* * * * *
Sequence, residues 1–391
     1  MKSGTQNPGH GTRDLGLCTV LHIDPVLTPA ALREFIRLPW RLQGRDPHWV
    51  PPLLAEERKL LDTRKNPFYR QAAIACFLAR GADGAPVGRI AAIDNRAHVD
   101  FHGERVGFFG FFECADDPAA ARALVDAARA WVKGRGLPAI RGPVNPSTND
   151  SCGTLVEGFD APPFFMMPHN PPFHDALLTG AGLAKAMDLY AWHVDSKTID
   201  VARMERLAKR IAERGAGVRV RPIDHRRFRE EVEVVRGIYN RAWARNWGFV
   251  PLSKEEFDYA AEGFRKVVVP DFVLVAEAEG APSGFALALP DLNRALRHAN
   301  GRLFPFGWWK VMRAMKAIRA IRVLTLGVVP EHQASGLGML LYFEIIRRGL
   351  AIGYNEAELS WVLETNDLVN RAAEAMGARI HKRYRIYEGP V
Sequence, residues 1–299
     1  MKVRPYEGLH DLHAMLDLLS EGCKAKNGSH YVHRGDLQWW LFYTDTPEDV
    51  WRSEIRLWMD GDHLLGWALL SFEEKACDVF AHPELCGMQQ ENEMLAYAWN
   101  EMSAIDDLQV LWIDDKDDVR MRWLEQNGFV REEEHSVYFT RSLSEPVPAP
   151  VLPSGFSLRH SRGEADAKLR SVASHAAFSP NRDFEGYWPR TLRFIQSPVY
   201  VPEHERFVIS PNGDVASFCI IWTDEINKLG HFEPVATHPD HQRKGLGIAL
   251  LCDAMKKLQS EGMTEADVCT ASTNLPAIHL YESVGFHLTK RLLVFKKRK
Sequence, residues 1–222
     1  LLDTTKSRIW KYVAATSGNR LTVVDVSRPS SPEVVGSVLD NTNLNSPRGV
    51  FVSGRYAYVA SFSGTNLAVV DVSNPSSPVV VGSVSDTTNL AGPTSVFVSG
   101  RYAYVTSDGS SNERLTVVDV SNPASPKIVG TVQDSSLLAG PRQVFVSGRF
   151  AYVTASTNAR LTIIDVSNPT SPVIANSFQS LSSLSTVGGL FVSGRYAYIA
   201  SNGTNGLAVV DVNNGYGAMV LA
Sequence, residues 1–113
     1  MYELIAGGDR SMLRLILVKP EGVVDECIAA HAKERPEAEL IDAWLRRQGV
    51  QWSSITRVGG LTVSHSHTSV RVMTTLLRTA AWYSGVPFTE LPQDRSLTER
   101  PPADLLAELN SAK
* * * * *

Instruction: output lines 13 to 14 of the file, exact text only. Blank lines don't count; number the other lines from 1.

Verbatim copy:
   101  EMSAIDDLQV LWIDDKDDVR MRWLEQNGFV REEEHSVYFT RSLSEPVPAP
   151  VLPSGFSLRH SRGEADAKLR SVASHAAFSP NRDFEGYWPR TLRFIQSPVY